Okay, this is the norm now, right? I punched zero several times, but this system had no override to get you to an operator, only a 'that is a wrong connection please try again' message came on. They're obviously aware of these shortcuts and stopped them.

As a result I redialed and waited. During the wait some synthesized music played, about ten bars that repeated. It was awful with what tried to be an uplifting and cheerful beat but possessed a carillon crossed with a xylophone sound. If I wasn't crazy about waiting, the music surely sent me over the edge.

Finally, a man answered, but he couldn’t help me because he couldn’t access the information needed. WHAT? This was a billing question wasn’t it? On the punch number 8 selection? He apologized and sent me to another operator, and I was again put on suspended animation, twenty plus minutes worth of that psychotic rage inducing noise. Does this health company know what mental torture they're putting their clients through? Just as I was talking to the computer, swearing up a blue storm, and about to hang up, a woman answered.

It seems the operator who originally took my application put in the wrong premium amount, and so it was billed twice. Would I like the extra placed towards March’s bill? Yes, I would. She gave me an amount that would be applied to March’s bill. I thanked her and hung up. Afterward I figured it out and I’d paid exactly March’s bill amount, and guessed the computer that did billing would figure that out.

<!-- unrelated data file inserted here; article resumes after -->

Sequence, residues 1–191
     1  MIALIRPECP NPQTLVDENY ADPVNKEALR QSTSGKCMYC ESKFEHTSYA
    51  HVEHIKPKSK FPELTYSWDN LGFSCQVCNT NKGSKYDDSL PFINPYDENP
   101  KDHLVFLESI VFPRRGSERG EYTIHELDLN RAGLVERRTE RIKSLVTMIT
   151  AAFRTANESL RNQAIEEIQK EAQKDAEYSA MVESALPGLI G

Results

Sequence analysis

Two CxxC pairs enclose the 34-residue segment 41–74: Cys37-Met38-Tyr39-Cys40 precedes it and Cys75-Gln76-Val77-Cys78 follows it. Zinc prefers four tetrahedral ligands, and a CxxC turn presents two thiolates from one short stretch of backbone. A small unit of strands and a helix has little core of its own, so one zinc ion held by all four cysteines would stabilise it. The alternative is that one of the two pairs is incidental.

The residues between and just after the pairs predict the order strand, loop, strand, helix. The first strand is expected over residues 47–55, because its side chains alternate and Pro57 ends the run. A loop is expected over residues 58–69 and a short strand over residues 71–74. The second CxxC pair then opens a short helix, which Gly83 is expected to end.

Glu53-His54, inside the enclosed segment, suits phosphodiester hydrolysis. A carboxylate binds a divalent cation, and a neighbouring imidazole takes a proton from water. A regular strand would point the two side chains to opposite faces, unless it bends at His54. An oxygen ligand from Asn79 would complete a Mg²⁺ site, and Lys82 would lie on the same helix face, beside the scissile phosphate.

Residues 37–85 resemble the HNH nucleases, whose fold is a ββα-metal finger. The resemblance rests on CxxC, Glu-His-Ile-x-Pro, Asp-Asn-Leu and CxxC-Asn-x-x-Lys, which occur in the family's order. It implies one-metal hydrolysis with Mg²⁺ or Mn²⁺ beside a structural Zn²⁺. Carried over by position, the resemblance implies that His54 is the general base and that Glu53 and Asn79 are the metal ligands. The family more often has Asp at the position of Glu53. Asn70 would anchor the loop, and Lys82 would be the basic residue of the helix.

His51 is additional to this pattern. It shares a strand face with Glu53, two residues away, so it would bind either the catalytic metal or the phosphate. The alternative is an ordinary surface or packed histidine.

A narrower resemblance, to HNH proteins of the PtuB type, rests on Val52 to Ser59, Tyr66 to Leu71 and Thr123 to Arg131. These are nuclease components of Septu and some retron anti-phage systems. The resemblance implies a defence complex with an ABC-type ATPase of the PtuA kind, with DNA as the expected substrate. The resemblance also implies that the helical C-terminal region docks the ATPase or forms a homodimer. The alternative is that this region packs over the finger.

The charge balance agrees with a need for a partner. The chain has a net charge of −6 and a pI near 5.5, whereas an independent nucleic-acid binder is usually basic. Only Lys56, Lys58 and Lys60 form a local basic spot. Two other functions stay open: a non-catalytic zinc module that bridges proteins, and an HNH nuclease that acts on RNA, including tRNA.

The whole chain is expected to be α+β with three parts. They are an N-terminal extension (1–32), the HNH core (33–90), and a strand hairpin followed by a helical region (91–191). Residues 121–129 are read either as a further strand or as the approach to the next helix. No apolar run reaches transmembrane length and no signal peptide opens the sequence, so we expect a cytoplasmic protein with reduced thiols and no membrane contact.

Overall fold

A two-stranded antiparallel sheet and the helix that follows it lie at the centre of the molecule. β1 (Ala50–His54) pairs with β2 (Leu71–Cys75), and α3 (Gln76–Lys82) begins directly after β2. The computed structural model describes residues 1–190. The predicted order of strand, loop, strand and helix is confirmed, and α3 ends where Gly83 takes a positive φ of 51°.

Nope. In March an automatic deduction for eleven dollars came through my account. Feeling rather pissed because I knew I was right, I decided it wasn’t worth waiting on the phone and possibly emerging a serial killer or worse for eleven dollars.

Blue Cross Blue Shield isn’t the only company with whom I’ve had this problem. I absolutely hate corporate phone answering systems. What is the problem? Can’t they afford more than two operators (I’m guessing that number from the phone wait)? I know their CEO took home 6 million dollars last year, but they can't afford customer service? What if their client has to pay for phone minutes or use a limited minute phone access? How much do clients have to spend in time and money to have a problem solved or a question answered?

Talking it over with someone, we decided it’s because they don’t want your call. These companies bet their callers will hang up before an operator ever has to deal with their petty concerns. Yes, this is a biased and undocumented statement. I'm mad.

I understand not all callers need to talk to an operator. I use phone systems to pay bills all they time without wanting or needing to talk to an operator; no problem. And I know those 'if you want... punch this number' directions help direct callers to the right area of the corporation. HOWEVER. When I need a human, I'd like to talk to one in a timely manner without all the time and computer BS.

Okay, rant over, thanks for listening.

Update: Currently on phone system of 5th 3rd Bank. Laughing hysterically. Wait only ten minutes. System just as maze like.